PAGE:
The American Dream In Jon Krakauer's Into The Wild

Decent Essays

The major tenets of the quintessential American dream can be found in the ideology of every person “proud to be an American.” The America seen today is not the same as it was 50 years prior, so how can one expect the central “dream” to be the same? In fact, each person has developed an opinion on what the American dream may mean for him/her. For one, the dream may still be the white picket fence still life from so many years ago, but for another, it may be the accumulation of riches and fame. In Jon Krakauer’s Into the Wild, he shows us that Chris McCandless cared not for the quotidian rat-race he had grown so accustomed to, but more for the intricacies that the natural world had to offer. I believe that although Chris McCandless may not have made it out of Alaska alive, he still succeeded in discovering what he went there for, and in turn died fulfilling his own American dream.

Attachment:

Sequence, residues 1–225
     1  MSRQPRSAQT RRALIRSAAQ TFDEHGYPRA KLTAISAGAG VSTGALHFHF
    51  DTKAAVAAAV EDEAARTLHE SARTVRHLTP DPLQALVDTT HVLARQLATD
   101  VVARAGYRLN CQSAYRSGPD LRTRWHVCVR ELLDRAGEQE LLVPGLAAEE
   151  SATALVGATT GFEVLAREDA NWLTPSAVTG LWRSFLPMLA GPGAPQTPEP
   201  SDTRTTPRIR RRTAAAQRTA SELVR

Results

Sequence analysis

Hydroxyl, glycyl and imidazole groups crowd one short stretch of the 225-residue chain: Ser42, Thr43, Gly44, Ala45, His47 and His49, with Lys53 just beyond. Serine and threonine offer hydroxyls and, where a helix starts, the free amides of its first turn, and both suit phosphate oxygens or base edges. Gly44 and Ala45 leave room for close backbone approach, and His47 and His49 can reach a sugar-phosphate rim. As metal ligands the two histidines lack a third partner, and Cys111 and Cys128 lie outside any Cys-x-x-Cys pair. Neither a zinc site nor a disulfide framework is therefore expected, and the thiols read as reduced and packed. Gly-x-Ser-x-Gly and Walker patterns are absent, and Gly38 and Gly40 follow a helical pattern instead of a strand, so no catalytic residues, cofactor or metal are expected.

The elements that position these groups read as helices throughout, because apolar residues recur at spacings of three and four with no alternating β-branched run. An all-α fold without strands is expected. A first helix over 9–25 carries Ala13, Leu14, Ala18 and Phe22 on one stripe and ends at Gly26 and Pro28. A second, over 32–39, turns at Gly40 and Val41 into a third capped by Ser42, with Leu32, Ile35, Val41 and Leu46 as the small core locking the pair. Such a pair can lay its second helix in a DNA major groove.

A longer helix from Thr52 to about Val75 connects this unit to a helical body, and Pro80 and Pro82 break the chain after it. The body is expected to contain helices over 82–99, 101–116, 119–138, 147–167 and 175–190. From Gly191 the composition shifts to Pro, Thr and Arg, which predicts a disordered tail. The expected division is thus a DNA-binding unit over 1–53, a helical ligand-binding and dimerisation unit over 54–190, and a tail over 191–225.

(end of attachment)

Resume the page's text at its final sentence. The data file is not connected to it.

The dictionary defines the American dream as “the ideals of freedom, equality, and opportunity traditionally held to be available to every American.” Chris McCandless came from a wealthy family with everything he could ever need being provided for him. His parents had achieved the conventional American dream. They had enough money to provide for their family and then some, a nice home, and a good education for the whole family. To the outsider looking in, it would be easy to assume that Chris McCandless had a perfect life full of everything he desired and unrelenting happiness. This was not the case.

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